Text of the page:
Tellingly, in 1998, a catastrophic cover failure occurred during heavy rains at the Sunrise landfill near Las Vegas. That failure discharged garbage, medical wastes, sewage sludge, asbestos, construction debris and soil contaminated with oil into the Las Vegas wash that feeds Lake Mead, which is the main source of drinking water for Las Vegas and Phoenix and parts of California. Republic Services, the landfill’s operator, vigorously opposed EPA’s order for long term remediation of the site, finally signing a consent agreement in 2008. Clean up costs are estimated at $66 million. (Interestingly, the company was able to afford to give its executives bonuses worth as much as twice that).

The fact that liners had this fatal flaw was not unknown to EPA when it decided to ground landfill safety on liners. The agency’s technical staff repeatedly warned about the flaw through the decade of the 1980’s leading up to the promulgation of its landfill groundwater rule in 1991.


Even composite liners “will ultimately fail” within decades after the agency’s post-closure care requirements have expired, they advised, and when the liners fail, “leachate will migrate out of the facility.” Yet, its staff recognized, the duration of a landfill’s hazardous loadings that need to be isolated may be “many thousands of years,” long after the time when discharges will occur.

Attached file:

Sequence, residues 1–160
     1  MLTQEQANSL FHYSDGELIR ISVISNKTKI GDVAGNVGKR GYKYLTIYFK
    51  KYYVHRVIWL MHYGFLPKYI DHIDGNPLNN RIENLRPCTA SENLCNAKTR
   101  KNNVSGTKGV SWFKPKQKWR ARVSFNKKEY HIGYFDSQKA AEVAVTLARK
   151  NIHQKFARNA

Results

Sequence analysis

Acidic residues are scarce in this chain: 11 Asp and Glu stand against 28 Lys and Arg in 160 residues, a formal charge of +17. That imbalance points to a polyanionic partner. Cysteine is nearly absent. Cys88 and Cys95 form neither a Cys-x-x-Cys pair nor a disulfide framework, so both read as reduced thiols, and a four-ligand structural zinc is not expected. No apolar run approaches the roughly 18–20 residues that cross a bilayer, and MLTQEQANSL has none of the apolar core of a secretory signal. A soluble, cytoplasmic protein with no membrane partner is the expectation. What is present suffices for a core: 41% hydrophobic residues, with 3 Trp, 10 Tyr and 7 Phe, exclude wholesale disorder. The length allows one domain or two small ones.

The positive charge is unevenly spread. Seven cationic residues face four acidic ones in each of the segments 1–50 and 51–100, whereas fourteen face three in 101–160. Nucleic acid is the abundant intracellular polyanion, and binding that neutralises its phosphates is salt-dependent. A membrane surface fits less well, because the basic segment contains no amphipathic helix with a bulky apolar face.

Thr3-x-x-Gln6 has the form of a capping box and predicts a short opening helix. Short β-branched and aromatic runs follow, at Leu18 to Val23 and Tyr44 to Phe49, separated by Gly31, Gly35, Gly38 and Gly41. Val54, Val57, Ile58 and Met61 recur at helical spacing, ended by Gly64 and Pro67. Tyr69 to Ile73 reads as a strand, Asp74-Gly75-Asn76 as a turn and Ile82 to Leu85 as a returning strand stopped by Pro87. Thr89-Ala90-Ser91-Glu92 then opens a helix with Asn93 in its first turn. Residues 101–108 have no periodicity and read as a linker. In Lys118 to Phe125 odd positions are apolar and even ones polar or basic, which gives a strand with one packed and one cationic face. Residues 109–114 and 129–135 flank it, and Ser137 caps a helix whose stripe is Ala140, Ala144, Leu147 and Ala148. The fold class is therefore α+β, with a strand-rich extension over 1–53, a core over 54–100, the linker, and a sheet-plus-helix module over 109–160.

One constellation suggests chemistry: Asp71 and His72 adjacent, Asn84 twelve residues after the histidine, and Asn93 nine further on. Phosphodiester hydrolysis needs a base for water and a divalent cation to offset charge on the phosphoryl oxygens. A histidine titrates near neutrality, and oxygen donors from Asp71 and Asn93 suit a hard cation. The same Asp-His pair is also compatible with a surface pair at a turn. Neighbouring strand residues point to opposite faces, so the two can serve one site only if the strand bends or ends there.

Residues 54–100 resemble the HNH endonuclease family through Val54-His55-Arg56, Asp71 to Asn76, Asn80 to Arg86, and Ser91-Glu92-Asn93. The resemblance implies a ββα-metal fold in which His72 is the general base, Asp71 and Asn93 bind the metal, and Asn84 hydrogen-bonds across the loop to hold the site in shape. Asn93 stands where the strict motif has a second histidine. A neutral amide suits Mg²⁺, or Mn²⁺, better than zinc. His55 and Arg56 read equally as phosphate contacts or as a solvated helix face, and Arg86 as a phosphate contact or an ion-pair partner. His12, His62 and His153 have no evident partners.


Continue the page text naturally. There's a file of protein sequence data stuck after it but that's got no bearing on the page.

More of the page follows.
Why did the EPA nonetheless proceed to rest safety on a flawed technology? The answer is not edifying. “EPA officials,” an investigation by the agency’s Inspector General reported a decade later, made the decision “based on a compromise of these competing interests ... not based on specific scientific criteria or research studies.”

Behind the scenes, large garbage companies had also lobbied for rules that were expensive enough to close down the thousands of open dumps, which impeded their efforts to monopolize the business, but not so expensive as to really protect the environment into the future. For that could have made wasting more expensive than sustainable alternatives. “Regulation has been very, very good for the business,” boasted one of the landfill industry’s leaders to a Forbes reporter after the rule was promulgated in the form they had advocated

Landfill financial assurances

Collapse at Rumpke landfill in 1996

Moreover, given landfills’ immense scale and the fact that they are largely built above ground, they can collapse catastrophically. These types of disasters have already occurred at the Acme and Keller Canyon Landfills in California, Paxton Landfill in Illinois, Meadowlands in New Jersey, Metro in Wisconsin, and disastrously at the Rumpke Landfill in Ohio on “March 9, 1996 – [t]hat’s the day a massive portion of the landfill – known to locals as Mount Rumpke – collapsed as employees literally ran for their lives.